The politicians have built their carriers on acting like they know what they’re doing. Whether they do or not is irrelevant, when it comes to climate change they haven’t a clue what they’re doing. They’re just pretending like they care and hoping they manage to keep looking that way until the next election cycle. They are both afraid of losing the money they get from big business and the jobs those businesses create, the loss of which would cost them too many votes. Fear has them stuck in a box looking out from which they cannot see the truth. Climate breakdown will kill us before they see it for what it is.
Need for a New System
We need a completely new system, and the politicians are too entrenched in the old one to build it for us. We need to build it ourselves. We need to make it one based on our local communities, where we produce our own energy and food.
We need to put an end to our culture of consumption and destruction and instead become a culture of producers and creators — creating our own goods and services, instead of relying on our endless supplies of fossil fuel energy to do this work for us. This way of life has been modeled by so many peoples both now and in the past that it should not be hard for us to reimagine.
The only way to do it, I reckon, is if we parents who support young Greta’s movement were just to start building it. We can start by building community farms and energy cooperatives within our communities. These systems are well modeled, explored and created. So we won’t be starting from scratch.
To do it, we’d have to stop spending our money on a lot of things we currently take for granted. We’d need to divert every penny we have beyond the basics to fund these projects. That’s why I think we didn’t achieve what we could have, what we should have. That’s why I worry we won’t do what those kids striking need us to.
Personal Financial Concerns
Truth, I think, is what we parents are afraid of. We’re afraid of being poor, of making a financial mistake, which would cost us our homes or our children’s security. And we’re not doing anything wrong. We’re right to feel this way. As a parent, you are responsible for making sure your family is safe, and of making sure they have a good life — holidays, hobbies and trips out to interesting places.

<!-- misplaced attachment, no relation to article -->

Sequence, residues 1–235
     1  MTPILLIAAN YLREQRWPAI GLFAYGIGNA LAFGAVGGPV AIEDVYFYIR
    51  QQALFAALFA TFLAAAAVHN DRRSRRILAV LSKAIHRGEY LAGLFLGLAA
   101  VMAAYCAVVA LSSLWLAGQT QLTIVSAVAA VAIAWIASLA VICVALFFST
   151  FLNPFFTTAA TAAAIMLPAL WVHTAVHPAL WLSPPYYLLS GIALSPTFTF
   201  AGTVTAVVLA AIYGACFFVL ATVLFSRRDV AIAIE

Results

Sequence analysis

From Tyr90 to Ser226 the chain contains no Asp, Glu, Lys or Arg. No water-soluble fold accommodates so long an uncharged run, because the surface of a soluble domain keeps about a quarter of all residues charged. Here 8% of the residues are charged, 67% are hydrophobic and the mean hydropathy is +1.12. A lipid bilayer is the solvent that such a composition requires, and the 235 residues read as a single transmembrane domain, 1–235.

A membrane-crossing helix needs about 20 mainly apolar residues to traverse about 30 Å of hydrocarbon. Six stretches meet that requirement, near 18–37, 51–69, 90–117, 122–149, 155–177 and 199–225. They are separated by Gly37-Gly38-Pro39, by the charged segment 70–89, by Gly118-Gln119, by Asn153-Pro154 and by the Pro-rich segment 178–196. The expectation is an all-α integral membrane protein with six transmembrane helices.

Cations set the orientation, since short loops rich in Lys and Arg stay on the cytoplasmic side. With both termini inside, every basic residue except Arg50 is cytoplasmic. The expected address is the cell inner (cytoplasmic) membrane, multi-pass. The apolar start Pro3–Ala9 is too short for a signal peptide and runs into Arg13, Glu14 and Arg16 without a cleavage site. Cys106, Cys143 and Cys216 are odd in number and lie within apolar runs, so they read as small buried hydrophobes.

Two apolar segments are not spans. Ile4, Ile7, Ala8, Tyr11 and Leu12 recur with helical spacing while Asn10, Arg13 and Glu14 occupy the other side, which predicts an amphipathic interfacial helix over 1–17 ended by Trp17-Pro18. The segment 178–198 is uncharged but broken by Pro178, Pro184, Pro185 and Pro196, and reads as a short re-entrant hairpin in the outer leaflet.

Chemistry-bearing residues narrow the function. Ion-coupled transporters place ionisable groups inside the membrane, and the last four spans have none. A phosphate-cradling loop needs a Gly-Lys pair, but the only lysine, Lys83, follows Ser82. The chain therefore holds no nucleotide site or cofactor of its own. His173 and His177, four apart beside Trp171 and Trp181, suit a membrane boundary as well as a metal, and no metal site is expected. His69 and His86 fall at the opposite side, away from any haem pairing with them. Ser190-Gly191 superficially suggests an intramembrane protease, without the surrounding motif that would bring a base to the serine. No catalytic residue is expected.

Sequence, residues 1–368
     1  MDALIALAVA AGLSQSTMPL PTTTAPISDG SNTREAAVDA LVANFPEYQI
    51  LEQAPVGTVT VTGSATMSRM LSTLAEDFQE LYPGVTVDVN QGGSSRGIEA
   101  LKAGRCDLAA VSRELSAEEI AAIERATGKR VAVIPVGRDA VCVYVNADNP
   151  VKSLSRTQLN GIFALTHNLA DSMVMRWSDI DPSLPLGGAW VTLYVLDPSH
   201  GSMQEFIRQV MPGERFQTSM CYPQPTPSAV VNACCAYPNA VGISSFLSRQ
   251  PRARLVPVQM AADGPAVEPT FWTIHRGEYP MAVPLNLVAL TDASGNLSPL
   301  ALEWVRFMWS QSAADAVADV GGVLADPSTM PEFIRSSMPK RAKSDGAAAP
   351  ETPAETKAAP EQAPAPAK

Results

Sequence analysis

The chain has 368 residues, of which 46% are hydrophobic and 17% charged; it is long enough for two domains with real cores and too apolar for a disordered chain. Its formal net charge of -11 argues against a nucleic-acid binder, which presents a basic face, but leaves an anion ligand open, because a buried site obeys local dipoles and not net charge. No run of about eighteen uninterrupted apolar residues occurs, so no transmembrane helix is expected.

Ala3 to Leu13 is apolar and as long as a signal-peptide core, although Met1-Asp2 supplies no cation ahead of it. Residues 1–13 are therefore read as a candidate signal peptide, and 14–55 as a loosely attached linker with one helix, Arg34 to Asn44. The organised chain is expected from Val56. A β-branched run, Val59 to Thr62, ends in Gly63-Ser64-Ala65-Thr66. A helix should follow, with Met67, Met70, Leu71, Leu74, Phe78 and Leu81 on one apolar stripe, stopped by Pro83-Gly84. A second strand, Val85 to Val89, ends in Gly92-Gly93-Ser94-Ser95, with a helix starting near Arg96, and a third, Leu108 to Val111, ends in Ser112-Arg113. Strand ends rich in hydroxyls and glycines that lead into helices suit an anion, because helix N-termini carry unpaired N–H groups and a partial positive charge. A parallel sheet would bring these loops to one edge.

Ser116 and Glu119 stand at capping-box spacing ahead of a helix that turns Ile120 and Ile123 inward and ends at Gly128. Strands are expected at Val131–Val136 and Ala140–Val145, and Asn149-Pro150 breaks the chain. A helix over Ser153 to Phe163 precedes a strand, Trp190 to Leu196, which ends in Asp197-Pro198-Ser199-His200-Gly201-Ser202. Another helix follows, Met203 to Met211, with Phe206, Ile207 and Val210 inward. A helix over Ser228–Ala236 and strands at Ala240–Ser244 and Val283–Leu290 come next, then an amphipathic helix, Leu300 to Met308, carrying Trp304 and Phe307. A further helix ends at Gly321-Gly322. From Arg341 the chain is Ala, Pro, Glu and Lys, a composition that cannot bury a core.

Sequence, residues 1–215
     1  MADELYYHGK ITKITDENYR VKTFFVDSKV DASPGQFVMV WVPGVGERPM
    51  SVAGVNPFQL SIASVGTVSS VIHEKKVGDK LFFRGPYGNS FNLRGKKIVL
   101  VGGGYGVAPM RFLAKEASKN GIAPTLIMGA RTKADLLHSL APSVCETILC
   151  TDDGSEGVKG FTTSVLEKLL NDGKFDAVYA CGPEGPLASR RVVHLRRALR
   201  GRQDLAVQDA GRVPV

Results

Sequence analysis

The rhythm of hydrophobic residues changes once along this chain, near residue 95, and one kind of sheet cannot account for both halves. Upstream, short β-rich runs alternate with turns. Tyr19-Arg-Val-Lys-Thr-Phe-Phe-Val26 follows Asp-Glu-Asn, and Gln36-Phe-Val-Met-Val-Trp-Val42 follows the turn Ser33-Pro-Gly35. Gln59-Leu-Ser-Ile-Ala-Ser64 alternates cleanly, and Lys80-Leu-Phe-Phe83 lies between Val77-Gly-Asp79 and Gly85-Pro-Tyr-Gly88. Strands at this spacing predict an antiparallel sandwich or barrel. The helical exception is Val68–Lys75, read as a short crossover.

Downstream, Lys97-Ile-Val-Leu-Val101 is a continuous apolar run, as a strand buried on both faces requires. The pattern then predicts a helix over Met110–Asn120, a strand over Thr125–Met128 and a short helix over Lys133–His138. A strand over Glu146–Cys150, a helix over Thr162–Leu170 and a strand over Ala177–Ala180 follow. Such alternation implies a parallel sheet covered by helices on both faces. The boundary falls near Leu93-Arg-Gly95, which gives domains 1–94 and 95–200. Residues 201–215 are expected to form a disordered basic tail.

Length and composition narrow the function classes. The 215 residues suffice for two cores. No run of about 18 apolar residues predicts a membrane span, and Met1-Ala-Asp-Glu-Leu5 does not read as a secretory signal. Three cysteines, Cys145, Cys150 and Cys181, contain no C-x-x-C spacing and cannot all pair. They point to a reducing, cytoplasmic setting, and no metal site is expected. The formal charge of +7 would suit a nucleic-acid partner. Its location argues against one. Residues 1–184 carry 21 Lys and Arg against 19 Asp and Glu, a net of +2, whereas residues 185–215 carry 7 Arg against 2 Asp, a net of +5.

You need to make sure you have a pension, so your kids aren’t tasked with the burden of looking after you in your old age. All these things are important. But as Greta knows, they are ultimately meaningless when those children live on a dying planet. We parents need to wake up, and we haven’t yet. We’re too busy worrying about our future financial security.
I suppose what I’m saying is that if we’re going to get anywhere with this thing and actually preserve a habitable planet for our grandchildren, we need to learn a few things:
Life Is. Life is not our job, our bank account, our social status, our pension fund, the clothes we wear or the political ideology we hold. Life is a real tangible thing that’s right in front of us all the time, that’s inside of us all the time and if we lose everything up to and including our own heart beat, Life still Is. We need to learn what that young man, James H. Cohn, knew. Life Is and we have to honour it, no matter what it costs us. We need to learn to not be afraid — to not hold on to our securities, because we’re losing them anyway.
We need to realise that if we want our kids to have a future, we have to stop worrying about their financial future. Instead, we need to do everything we can to build a real future on this Earth and in our own communities, which might survive what’s coming down the line. It’ll mean giving up a lot of things we take for granted — things we feel we have to have. But we have to do it. We have no choice. Mother Nature isn’t giving us another road. It’s just this one. To do it will require a fundamental shift in how we see the world.
Fundamental Shift Required
I honestly don’t know if we’re ready for that yet — our culture has not suffered like James H. Cohn’s. And it’s the suffering that teaches us. But maybe Mother Nature has a plan there, too. I can’t help wondering if this whole pandemic situation isn’t putting us on a road to learning the meaning in James’ story.
Anyway, that’s it from me, my brothers and sisters. I really just wanted to thank you all for the way in which you have honoured Life. You’ve done well — keep doing it for as long as you are given. That’s all we mortals can ever do. I have no idea how it’ll all pan out, but I definitely think we have much greater capacity than we think. People like you have shown us how.
Beir bua agus beannacht
Country Kildare, Ireland
Nathan Jackson is an organic farmer and farm advisor in the Republic of Ireland. He works with community groups to help develop their local food network via systems like Community Supported Agriculture (CSA) and the Open Food Network (OFN). From 2011 until 2017 he was the main grower and a steering committee organiser for Derrybeg Farm CSA in north Kildare, also serving as a member of the Community Supported Agriculture Network of Ireland.
Since then he has worked with Beechpark Eco Farm and Dublin CSA setting up that farm and the south side CSA group for Dublin CSA. He currently grows a half acre of nutrient dense vegetables for supply through the OFN and works as a consultant for community groups and farmers looking to develop their local food network.